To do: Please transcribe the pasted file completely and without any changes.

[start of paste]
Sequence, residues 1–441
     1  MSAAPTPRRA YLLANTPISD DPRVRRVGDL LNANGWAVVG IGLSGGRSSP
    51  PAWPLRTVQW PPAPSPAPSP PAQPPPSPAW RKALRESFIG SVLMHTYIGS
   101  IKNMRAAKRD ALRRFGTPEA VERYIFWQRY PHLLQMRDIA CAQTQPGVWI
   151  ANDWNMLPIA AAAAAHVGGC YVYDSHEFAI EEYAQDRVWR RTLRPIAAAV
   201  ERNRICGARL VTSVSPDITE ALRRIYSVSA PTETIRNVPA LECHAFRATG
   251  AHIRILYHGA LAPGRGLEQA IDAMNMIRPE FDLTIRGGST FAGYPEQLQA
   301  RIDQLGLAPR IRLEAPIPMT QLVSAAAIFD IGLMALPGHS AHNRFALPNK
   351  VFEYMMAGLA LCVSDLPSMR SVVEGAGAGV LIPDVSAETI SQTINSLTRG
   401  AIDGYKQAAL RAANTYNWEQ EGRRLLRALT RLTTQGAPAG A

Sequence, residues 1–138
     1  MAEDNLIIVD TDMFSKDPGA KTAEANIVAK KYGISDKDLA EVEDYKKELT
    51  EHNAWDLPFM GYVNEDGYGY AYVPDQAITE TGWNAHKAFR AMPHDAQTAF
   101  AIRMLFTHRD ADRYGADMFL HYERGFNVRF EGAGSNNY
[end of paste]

Sequence, residues 1–441
     1  MSAAPTPRRA YLLANTPISD DPRVRRVGDL LNANGWAVVG IGLSGGRSSP
    51  PAWPLRTVQW PPAPSPAPSP PAQPPPSPAW RKALRESFIG SVLMHTYIGS
   101  IKNMRAAKRD ALRRFGTPEA VERYIFWQRY PHLLQMRDIA CAQTQPGVWI
   151  ANDWNMLPIA AAAAAHVGGC YVYDSHEFAI EEYAQDRVWR RTLRPIAAAV
   201  ERNRICGARL VTSVSPDITE ALRRIYSVSA PTETIRNVPA LECHAFRATG
   251  AHIRILYHGA LAPGRGLEQA IDAMNMIRPE FDLTIRGGST FAGYPEQLQA
   301  RIDQLGLAPR IRLEAPIPMT QLVSAAAIFD IGLMALPGHS AHNRFALPNK
   351  VFEYMMAGLA LCVSDLPSMR SVVEGAGAGV LIPDVSAETI SQTINSLTRG
   401  AIDGYKQAAL RAANTYNWEQ EGRRLLRALT RLTTQGAPAG A

Sequence, residues 1–138
     1  MAEDNLIIVD TDMFSKDPGA KTAEANIVAK KYGISDKDLA EVEDYKKELT
    51  EHNAWDLPFM GYVNEDGYGY AYVPDQAITE TGWNAHKAFR AMPHDAQTAF
   101  AIRMLFTHRD ADRYGADMFL HYERGFNVRF EGAGSNNY